Dave Cliff, Susi Ross
In a recent paper, Wilson (1994b) described a 'zeroth-level' classifier system (ZCS). ZCS employs a reinforcement learning technique comparable to Q-Learning (Watkins, 1989). This paper presents results from the first reconstruction of ZCS. Having replicated Wilson's results, we extend ZCS in a manner suggested by Wilson: the original formulation of ZCS has no memory mechanisms, but Wilson (1994b) suggested how internal 'temporary memory' registers could be added. We show results from adding one-bit and two-bit memory registers to ZCS. Our results demonstrate that ZCS can efficiently exploit memory facilities in non-Markov environments. We also show that the memoryless ZCS can converge on near-optimal stochastic solutions in non-Markov environments. Following the discussion of adding memory, we present results from trials using ZCS in Markov environments requiring increasingly long chains of actions before reward is received. Our results indicate that inaccurate over-general classifiers can intereact with the classifier-generation mechanisms to cause catastrophic breakdowns in overall system performance. Basing classifier fitness on accuracy may alleviate this problem. We conclude that the memory mechanism in its current form is unlikely to scale well for situations requiring large amounts of temporary memory. Nevertheless, the ability to find stochastic solutions when there is insufficient memory might offset this problem to some extent.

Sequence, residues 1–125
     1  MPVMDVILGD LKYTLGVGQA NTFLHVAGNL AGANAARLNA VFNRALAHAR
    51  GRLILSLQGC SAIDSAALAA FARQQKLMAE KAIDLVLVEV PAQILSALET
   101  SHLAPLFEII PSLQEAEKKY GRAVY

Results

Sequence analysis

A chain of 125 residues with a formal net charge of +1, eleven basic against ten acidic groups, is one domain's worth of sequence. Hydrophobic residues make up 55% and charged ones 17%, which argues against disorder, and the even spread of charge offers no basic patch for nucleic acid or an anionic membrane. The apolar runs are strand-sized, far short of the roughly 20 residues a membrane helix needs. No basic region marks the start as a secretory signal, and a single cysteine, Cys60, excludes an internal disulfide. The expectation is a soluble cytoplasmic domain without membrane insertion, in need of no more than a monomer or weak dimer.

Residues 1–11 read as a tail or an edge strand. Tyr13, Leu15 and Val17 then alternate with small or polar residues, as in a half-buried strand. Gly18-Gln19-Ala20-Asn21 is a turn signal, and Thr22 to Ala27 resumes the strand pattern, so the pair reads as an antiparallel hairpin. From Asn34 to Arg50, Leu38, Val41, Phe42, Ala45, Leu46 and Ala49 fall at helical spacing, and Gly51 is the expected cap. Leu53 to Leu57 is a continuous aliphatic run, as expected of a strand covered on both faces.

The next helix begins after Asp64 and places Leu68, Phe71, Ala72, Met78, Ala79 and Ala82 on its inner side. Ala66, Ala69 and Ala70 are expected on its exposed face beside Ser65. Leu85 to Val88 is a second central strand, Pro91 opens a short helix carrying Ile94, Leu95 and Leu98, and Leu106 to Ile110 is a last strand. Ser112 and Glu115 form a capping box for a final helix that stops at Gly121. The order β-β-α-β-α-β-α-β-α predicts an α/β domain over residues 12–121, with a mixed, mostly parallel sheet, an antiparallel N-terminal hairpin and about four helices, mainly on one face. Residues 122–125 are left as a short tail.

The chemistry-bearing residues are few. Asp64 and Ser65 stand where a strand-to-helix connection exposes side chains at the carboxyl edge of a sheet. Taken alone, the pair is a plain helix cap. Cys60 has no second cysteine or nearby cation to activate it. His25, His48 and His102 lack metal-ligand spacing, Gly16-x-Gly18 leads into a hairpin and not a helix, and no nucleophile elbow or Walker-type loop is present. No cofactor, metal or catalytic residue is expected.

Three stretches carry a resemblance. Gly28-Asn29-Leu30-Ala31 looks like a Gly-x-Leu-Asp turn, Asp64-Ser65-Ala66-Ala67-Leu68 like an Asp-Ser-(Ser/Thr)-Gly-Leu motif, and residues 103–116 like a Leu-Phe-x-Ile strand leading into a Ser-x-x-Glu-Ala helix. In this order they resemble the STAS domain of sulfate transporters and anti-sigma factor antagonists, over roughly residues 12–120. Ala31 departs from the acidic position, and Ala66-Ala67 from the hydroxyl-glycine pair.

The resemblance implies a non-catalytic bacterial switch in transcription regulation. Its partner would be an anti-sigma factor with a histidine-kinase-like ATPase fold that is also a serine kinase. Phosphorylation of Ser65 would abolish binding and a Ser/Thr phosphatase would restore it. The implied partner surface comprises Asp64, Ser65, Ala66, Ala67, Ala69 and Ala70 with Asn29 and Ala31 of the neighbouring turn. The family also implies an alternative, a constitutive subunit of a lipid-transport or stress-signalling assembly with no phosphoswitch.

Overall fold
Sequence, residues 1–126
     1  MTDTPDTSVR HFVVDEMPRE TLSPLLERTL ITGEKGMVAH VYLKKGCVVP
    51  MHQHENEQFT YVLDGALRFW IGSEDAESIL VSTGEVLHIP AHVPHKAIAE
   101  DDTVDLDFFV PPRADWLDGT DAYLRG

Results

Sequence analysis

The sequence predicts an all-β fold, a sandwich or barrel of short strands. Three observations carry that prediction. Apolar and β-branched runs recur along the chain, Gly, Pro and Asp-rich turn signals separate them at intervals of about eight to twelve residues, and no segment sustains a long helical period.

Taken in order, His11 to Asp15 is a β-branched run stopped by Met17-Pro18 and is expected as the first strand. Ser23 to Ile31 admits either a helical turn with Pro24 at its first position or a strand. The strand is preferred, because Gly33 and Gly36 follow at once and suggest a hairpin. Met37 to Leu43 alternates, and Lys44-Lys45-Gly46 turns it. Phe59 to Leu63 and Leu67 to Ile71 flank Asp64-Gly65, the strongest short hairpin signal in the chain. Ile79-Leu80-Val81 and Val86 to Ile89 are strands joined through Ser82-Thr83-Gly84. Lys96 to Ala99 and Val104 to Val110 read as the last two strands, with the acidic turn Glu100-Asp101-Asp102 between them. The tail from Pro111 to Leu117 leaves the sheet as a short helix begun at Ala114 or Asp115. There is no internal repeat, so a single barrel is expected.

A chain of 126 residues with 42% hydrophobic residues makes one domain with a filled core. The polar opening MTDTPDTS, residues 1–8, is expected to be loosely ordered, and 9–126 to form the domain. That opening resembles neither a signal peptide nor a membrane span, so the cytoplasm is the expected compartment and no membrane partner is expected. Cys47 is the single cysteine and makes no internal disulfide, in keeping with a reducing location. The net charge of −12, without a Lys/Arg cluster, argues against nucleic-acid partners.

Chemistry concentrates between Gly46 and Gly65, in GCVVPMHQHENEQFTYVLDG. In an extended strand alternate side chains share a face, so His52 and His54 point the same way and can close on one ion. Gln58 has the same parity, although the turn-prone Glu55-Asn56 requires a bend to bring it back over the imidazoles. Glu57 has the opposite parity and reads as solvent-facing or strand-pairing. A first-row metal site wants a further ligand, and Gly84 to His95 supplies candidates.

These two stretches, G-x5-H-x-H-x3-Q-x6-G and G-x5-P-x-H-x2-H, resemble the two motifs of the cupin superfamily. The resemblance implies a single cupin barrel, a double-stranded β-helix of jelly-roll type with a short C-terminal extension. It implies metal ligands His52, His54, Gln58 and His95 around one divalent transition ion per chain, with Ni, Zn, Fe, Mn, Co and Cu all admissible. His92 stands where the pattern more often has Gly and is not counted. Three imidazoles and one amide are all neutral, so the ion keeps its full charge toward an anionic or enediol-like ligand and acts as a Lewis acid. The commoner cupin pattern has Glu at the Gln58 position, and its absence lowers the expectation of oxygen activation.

Download compressed postscript file